- During huge company transformations – mergers and the like – some employees (often good, solid workers) have to be let go. Pat Wadors, senior vice president of global talent organization at LinkedIn, told Harvard Business Review ways HR managers can help ease these occasionally painful transitions.
- Feedback, communication, allowing people time to process the news and remembering the feelings of the team members of the laid-off are key in maintaining success during these transitional periods.
- Such transitions – and subsequent severances – are particularly common in the tech field, where fast-moving markets call for constant evolution. In order to grow, companies may need “to part ways with collegial, talented employees who just aren’t the right fit anymore,” Wadors writes.
While letting people go, especially good people, is never fun, it is simply a part of growth. “All companies need different kinds of talent at different points in their life cycles,” Wadors writes.
But before you dive into dropping certain employees, be sure to follow these guidelines:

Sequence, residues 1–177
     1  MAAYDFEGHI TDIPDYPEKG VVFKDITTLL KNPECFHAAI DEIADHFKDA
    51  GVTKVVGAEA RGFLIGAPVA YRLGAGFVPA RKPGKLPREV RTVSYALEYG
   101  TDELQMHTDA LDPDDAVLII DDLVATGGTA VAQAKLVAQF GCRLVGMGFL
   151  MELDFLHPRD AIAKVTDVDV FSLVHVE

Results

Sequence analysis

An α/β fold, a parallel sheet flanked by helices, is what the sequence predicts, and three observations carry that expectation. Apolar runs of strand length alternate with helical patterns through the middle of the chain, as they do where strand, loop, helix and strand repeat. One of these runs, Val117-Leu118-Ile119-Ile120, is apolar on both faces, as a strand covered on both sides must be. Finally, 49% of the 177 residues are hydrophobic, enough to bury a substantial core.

Don’t wait until the end to say what’s working and what hasn’t, Wadors says. Especially during times of transition, teams need honest feedback all along the way – but be sure to balance the bad with the good. “Hearing that they have real gaps, and that you see them, will be difficult enough. You don’t want them to walk away demoralized while there’s still a chance to help them adapt,” he writes.
Talk to your struggling employees in settings beyond the formal sit-down, he suggests. That way, they know that you truly care about them and their development. But if an employee isn’t the right fit, you must let them know. If an employee still hasn’t improved after a clear 60 or 90 day improvement plan, for example, it is time to part ways. Obviously, this plan only works for issues that can be solved in a matter of two or three months, Wadors writes.
“It should come after you’ve had many conversations about development, so no one is in the position of having to acquire brand-new skills with very little warning,” he adds.
Finally, allow good employees to “exit with grace” – it increases the trust in your brand by both former and current employees.